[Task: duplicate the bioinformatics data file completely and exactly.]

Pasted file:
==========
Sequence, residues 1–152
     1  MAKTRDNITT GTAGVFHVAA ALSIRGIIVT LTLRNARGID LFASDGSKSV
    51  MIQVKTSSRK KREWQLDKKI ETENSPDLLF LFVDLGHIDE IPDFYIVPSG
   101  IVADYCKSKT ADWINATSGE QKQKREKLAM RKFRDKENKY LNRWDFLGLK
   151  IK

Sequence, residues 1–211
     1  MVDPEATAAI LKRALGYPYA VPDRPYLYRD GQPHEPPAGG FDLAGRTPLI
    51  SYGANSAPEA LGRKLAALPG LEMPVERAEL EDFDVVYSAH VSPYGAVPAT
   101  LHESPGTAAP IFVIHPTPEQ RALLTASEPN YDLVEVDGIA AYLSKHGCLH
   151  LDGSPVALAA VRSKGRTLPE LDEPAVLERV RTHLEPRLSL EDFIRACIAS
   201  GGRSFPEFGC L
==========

Sequence, residues 1–152
     1  MAKTRDNITT GTAGVFHVAA ALSIRGIIVT LTLRNARGID LFASDGSKSV
    51  MIQVKTSSRK KREWQLDKKI ETENSPDLLF LFVDLGHIDE IPDFYIVPSG
   101  IVADYCKSKT ADWINATSGE QKQKREKLAM RKFRDKENKY LNRWDFLGLK
   151  IK

Sequence, residues 1–211
     1  MVDPEATAAI LKRALGYPYA VPDRPYLYRD GQPHEPPAGG FDLAGRTPLI
    51  SYGANSAPEA LGRKLAALPG LEMPVERAEL EDFDVVYSAH VSPYGAVPAT
   101  LHESPGTAAP IFVIHPTPEQ RALLTASEPN YDLVEVDGIA AYLSKHGCLH
   151  LDGSPVALAA VRSKGRTLPE LDEPAVLERV RTHLEPRLSL EDFIRACIAS
   201  GGRSFPEFGC L